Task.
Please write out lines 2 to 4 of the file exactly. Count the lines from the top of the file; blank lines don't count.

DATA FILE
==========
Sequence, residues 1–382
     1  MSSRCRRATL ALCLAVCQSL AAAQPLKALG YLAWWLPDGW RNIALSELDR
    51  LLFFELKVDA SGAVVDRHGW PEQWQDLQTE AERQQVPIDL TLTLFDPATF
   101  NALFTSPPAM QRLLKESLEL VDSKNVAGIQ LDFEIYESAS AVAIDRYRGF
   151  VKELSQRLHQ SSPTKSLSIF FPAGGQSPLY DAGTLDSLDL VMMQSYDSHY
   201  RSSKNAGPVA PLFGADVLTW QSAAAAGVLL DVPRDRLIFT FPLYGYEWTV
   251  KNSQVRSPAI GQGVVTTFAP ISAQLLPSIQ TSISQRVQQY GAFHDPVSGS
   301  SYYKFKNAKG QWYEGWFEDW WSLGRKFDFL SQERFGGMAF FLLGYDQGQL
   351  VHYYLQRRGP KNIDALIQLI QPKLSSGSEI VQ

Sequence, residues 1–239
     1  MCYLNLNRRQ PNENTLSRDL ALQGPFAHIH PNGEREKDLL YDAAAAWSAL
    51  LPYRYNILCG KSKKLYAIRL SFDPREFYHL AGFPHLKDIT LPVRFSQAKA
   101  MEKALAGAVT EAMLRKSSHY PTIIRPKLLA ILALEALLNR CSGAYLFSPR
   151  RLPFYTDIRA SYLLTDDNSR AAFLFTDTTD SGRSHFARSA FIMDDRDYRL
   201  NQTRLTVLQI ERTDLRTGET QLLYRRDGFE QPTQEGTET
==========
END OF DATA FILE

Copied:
     1  MSSRCRRATL ALCLAVCQSL AAAQPLKALG YLAWWLPDGW RNIALSELDR
    51  LLFFELKVDA SGAVVDRHGW PEQWQDLQTE AERQQVPIDL TLTLFDPATF
   101  NALFTSPPAM QRLLKESLEL VDSKNVAGIQ LDFEIYESAS AVAIDRYRGF